While we are living in a critical time of “social distancing,” we NEED NOT BE in a time of social isolation. We are physically separated but we can have many social connections.
You may be reading this blogpost on your computer or smartphone—let us give thanks that we are privileged to have this technology which so many vulnerable people lack.
Many of us have mobile technology and communication software (like Zoom or Skype) which provide us with opportunities for dates, meetings, check-ins, social hours and even dinner—let us be grateful for these platforms/services which allow us to meet.
We can also reach out (especially to those who are unable for various reasons to connect through technology) with notes, cards, letters, and messages. Once, not so long ago, there was an art to letter writing. Sharing poems, writing notes,and sending expressions of care and thoughtfulness have changed over the past years, but perhaps that only serves to make them more meaningful today.
Sometimes we will feel isolated and lonely. Yet while we are not able to embrace friends and loved ones, we are embraced by G!D’s Presence and sustaining love. While we cannot breathe on anyone, we know that G!D breathes life and hope into us. While we cannot physically comfort others, we know that G!D surrounds us eternally offering comfort. With these assurances, we know too that we share in “Tikkun Olam,” G!D’s redemptive work for us and all creation. G!D’s Presence permeates the world and connects all of creation to G!D.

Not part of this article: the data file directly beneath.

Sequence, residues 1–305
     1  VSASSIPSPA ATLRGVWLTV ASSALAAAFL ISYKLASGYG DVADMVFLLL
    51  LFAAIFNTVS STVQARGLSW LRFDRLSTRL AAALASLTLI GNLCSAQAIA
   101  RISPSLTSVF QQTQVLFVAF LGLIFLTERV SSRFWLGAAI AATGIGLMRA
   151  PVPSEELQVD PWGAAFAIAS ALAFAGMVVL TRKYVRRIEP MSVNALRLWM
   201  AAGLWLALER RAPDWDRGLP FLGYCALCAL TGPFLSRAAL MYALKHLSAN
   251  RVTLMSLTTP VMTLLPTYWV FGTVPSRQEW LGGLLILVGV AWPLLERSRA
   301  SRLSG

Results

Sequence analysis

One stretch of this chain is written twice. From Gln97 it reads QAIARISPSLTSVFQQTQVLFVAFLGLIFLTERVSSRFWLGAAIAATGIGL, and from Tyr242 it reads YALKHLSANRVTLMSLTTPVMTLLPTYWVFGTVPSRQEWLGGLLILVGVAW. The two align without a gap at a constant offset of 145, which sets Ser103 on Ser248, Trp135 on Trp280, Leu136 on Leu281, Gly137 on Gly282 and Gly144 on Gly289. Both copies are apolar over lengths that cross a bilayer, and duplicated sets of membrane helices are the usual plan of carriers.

Sometimes we will feel isolated and lonely. But we are never separated, distanced, excluded, or removed from G!D’s embracing Healing and Love.
While we certainly wish we could meet in person, let us be grateful that we can help “flatten the curve” and join together across great distances by making use of technology and sharing in virtual community and support.
Let us nourish our hearts and sustain our souls during these unprecedented times.
I’ll close by saying that I continue to pray for your health and safety, as well as your own social solidarity in response to this necessary social distancing, and appreciate all you are doing and will be doing to reach out and uplift others.
The following was written by Paul Williams
When you go out and see the empty streets, the empty stadiums, the empty train platforms, don’t say to yourself, “It looks like the end of the world.” What you’re seeing is love in action. What you’re seeing, in that negative space, is how much we do care for each other, for our grandparents, for our immuno-compromised brothers and sisters, for people we will never meet.
People will lose their jobs over this. Some will lose their businesses. And some will lose their lives. All the more reason to take a moment, when you’re out on your walk, or on your way to the store, or just watching the news, to look into the emptiness and marvel at all of that love.
Let it fill you and sustain you.
It isn’t the end of the world.
It is the most remarkable act of solidarity we may ever witness.